Enemies, NPCs, and bosses have also been redesigned here. In most cases, these are purely small aesthetic changes that add prosperity and detail to existing designs. The iconic (and terrible-named) Fat Official wore glamorous and important looking gear and grinned as if they knew how frustrating they were to encounter in Demon’s Souls. It is a feature. In the remake, this ornate design has been changed to a wart-riding man, sporting belly windows and infested with warts. Simply put, this is one revision of a not-so-good design.
There are several other areas where some of that original spirit may have been lost. The “swamp of sadness” in Blue Point’s reimagination has been criticized for its draw distance and changes in the amount of light present on the screen. In the original, navigating the swamp felt like a claustrophobic nightmare and guided the way only in the light of torches. From the time you depart at the beginning of the level, you can see almost everything in a clear path and direction to go. ,Also. You can also see the black phantom lurking in the swamp from a great distance. It slows down the impact.
Of course, there are many other examples where Bluepoint has had a positive impact and goes beyond what originally existed. The Tower of Latria is still a joy to pass through, and there are moments in the Temple of the Storm that are actually looking up in different ways. In many respects, the design change acts as a push-pull to see if you can really successfully bring out the spirit and mood of the original game’s intent. The Storm King set-piece battle is far ahead of its 2009 counterpart, and the same is true for the Fool’s Idol Boss Battle and the Prison Area of Hope. There is a clear line between those that have changed significantly and those that remain true to the source material.
The 2009 release saw an incredibly minimalist soundtrack, thanks to Shunsuke Kida, who recently tweeted to support Bluepoint’s reorganization and orchestration in the reimagination of Demon’s Souls. However, one of the greatest strengths of the original game was that the use of sound was generally restricted. This includes the soundtrack when you reach the encounter with the boss. This suppressed score is a game, like when you duel with Gull Vinland in the Valley of the Dirty, as the maiden Astria, surrounded by a river of plague-stricken babies, begs for peace. Made some of the most influential moments in. The sparse instrumentation and repetition of the track soaks the level in a dark atmosphere. Music expresses a character’s sadness, much like the character’s words and actions.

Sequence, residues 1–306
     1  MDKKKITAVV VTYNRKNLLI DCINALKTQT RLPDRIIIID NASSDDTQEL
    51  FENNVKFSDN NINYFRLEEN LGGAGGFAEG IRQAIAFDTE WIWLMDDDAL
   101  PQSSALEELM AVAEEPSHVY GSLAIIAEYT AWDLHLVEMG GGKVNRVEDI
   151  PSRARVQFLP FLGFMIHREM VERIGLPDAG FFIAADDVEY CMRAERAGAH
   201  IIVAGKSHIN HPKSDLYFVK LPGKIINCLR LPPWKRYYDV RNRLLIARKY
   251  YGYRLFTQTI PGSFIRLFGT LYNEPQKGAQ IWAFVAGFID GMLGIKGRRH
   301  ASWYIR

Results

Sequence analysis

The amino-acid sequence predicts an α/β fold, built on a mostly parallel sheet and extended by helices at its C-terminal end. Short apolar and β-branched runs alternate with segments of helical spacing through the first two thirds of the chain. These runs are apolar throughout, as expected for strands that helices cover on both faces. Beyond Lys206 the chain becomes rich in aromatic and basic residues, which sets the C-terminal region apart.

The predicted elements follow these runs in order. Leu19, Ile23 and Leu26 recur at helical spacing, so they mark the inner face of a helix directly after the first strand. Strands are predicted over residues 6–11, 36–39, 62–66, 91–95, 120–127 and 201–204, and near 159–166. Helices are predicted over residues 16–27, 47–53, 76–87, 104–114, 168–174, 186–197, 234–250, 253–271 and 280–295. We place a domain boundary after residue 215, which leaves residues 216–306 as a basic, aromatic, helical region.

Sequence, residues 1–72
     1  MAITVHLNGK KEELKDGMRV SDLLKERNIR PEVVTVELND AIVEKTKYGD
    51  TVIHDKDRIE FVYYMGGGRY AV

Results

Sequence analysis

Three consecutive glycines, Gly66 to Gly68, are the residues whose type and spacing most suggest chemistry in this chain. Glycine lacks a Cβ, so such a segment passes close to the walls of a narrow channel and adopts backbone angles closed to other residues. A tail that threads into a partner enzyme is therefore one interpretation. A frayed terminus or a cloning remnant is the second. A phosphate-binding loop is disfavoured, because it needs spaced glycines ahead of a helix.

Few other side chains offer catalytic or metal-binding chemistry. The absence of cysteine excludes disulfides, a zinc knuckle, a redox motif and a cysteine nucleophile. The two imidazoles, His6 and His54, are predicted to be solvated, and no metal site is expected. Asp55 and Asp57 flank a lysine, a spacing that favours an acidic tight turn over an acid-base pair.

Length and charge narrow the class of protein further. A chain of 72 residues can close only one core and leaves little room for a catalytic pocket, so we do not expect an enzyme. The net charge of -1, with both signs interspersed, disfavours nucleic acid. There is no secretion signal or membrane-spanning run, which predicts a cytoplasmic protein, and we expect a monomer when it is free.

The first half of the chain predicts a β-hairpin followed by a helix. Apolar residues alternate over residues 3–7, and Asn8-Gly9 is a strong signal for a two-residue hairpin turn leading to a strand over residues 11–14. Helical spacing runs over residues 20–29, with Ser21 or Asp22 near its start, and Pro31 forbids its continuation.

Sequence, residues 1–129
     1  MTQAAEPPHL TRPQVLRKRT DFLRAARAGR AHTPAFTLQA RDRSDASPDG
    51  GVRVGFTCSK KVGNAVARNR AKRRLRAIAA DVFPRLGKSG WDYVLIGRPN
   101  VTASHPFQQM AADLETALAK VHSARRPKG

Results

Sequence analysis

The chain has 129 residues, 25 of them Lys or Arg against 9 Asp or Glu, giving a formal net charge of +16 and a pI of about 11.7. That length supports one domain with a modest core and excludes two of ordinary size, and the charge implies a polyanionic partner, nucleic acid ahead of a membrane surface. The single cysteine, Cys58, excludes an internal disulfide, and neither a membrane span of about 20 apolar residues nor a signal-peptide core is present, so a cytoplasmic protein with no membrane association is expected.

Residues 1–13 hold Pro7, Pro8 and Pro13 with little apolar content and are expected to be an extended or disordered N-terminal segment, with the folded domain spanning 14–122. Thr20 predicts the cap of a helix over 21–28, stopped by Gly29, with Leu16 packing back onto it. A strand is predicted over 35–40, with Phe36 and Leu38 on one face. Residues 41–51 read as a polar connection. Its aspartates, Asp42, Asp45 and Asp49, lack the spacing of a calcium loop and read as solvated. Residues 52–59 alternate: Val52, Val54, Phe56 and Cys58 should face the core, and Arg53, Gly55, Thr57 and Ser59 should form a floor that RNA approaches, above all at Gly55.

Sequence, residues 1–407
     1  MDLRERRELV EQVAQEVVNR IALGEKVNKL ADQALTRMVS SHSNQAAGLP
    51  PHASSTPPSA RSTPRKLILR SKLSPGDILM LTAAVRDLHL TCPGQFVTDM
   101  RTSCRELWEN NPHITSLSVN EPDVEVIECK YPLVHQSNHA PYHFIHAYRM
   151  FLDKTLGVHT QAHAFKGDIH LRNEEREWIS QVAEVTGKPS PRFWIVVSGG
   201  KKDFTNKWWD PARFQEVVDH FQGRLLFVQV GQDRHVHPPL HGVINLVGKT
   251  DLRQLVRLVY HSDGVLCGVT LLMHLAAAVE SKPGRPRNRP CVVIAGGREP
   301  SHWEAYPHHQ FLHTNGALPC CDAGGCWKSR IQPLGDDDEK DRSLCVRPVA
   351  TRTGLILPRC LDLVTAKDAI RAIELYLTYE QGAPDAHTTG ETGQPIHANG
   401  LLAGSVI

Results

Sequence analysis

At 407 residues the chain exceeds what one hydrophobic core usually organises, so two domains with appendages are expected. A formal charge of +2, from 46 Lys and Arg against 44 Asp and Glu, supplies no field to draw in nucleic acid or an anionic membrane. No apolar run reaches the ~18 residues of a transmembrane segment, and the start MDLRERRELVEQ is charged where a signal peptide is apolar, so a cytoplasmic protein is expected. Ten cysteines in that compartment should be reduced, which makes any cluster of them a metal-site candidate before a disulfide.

Blue Point’s reimagination instead deviates from the original pace and solemnity of the original game and is struck by a gorgeous orchestra. The truck changes from a quiet bailout of fate to something that sounds like the last stand of the army. The pace of the march and the sick chorus bomb. While isolated, the tracks and the rest of the soundtrack sound incredible, but in context, it feels like Bluepoint is chasing the legacy of the series that the original game ultimately produced.
Despite the above changes, it should be noted that the core of the experience of playing Demon’s Souls certainly remains intact, some areas are better for it and some areas are worse. The original masterpiece showed a change in the way the game was played and the way of thinking, and it was not an easy task to reproduce it. The Blue Point remake will end up in a very different entity than the original title.
It works great as a tool for people to experience Demon’s Souls for the first time, but it also casts doubt on preserving the original Demon’s Souls experience, a game whose servers have been shut down for four years now. I own a PS3 and want to experience the original title correctly, but I couldn’t. A small community of fans keeps the game running on a private server and also runs the game on the PlayStation 3 emulator. Blue Point has put a lot of love and effort into creating this beautiful remake, but that’s not a mistake. Similarly, memories of such historically important games must survive.